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Sweet 16: How Germany’s Bundesliga wants to lower minimum age limit

The German Football League (DFL) is proposing to lower the minimum age for players in the Bundesliga to 16 next season, with a decision expected at the end of March.

Sweet 16: How Germany's Bundesliga wants to lower minimum age limit
Young football player Youssoufa Moukoko, who turns 16 in November. Photo: DPA

In order to currently play in Germany's top flight, players must be 18 years old or play for the club's Under-19 team, but the DFL are considering changing that, according to reports.

Turkey international Nuri Sahin holds the record, set in August 2005, when he made his league debut for Dortmund, just shy of his  17th birthday, aged 16 years, 335 days, while playing in the Under-19 team.

However, from next season other 16-year-olds could feature in the Bundesliga if the 36 clubs in the first and second league vote to lower the minium age at the next general meeting in March.

According to daily papers Bild and Welt, Dortmund back the proposal to lower the limit in the top two leagues.

They could benefit as teen prodigy Youssoufa Moukoko, who turns 16 in November, would be able to make his Bundesliga debut in 2020/21.

He scored a record 50 goals last season in the Under-17 league and made his debut for Germany Under-16 in September 2017, just before his 13th birthday, scoring three goals in four games.

READ ALSO: Bundesliga – Your complete guide to becoming a football fan in Germany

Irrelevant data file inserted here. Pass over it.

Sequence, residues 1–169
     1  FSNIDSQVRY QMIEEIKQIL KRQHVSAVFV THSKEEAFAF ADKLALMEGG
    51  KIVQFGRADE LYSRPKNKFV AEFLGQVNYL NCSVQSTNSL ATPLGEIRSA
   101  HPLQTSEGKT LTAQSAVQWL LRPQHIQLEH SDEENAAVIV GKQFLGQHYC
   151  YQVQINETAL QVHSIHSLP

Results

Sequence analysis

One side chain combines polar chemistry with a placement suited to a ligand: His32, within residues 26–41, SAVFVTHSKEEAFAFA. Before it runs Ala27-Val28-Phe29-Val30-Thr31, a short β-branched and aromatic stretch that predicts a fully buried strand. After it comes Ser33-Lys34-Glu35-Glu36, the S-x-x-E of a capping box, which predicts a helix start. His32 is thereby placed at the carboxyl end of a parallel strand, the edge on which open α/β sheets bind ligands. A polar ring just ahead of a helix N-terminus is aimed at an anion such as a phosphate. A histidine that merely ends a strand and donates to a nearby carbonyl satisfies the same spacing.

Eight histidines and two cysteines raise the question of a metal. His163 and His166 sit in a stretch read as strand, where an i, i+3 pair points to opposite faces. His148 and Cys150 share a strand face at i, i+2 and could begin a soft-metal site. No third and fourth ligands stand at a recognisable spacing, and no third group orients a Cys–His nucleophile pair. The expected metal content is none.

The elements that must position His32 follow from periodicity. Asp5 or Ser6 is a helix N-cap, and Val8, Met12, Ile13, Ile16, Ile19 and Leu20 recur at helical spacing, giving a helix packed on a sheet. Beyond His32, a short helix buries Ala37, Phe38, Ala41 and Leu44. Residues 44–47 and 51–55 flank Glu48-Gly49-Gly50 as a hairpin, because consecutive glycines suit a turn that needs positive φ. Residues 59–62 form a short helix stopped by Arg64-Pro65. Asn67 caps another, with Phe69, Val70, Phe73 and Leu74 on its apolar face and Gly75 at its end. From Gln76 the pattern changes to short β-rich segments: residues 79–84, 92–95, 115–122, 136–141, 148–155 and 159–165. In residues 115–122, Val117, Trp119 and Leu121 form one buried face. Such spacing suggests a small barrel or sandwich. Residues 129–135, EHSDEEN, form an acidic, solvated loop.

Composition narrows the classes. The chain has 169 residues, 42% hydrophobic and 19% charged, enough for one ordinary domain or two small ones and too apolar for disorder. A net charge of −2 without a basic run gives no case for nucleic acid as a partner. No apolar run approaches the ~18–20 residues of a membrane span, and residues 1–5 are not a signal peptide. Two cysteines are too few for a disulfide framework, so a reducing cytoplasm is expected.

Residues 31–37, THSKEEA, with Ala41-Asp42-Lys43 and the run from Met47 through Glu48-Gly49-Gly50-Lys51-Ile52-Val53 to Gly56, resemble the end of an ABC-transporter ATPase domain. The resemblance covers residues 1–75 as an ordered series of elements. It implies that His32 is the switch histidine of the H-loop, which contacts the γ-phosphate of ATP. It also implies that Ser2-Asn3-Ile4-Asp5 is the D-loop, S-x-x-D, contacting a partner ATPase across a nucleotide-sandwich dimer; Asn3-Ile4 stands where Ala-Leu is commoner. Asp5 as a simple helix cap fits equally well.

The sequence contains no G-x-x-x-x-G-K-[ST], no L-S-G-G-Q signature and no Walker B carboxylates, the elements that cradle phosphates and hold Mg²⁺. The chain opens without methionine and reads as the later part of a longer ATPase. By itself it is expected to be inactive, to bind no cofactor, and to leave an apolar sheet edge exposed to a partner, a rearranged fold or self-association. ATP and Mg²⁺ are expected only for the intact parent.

Dortmund's youth coordinator Lars Ricken, who made his league debut in 1994 before his 18th birthday, argues that the current minimum age puts the German league clubs at “a major disadvantage”.

“There are concrete examples of players who decided against joining Bundesliga clubs because they are allowed to play in professional teams at a much younger age in other countries,” he said.

However, Julian Nagelsmann, head coach of current Bundesliga leaders RB Leipzig, is against the proposal.

“If I put players in even earlier, they will be put under pressure even earlier and will also be eyed more by the media,” said Nagelsmann.

The 32-year-old became the youngest head coach in Bundesliga history when, aged 28, he took charge of Hoffenheim in 2015.

“I am not a scientist and have not looked into it deeply, but I can not imagine that it is great for development if you become a Bundesliga player aged 16,” he added.

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EXPLAINED: The Covid rules for attending German football matches

The German Bundesliga kicks off on Friday evening with a match in Mönchengladbach. Here's a run-down of the Covid rules for football fans itching to join the crowds at the stadium.

EXPLAINED: The Covid rules for attending German football matches
Crowds cheer at a match between FC Kaiserslautern and Borussia Mönchengladbach, on August 9th, 2021. Photo: picture alliance/dpa | Uwe Anspach

All eyes will be on Mönchengladbach this evening as the Bundesliga season kicks off with a match against reigning champions Bayern Munich – and this time, a crowd will be present in the stadium.

READ ALSO: German football fans get green light to return to stadiums next season

With several states liberalising their rules for public gatherings in recent months, many football fans are looking forward to enjoying a lively atmosphere at football matches once more. 

There’s just one problem: there are different rules for different stadiums. Here’s what you need to know about the Covid rules before you book your ticket for any of the upcoming fixtures.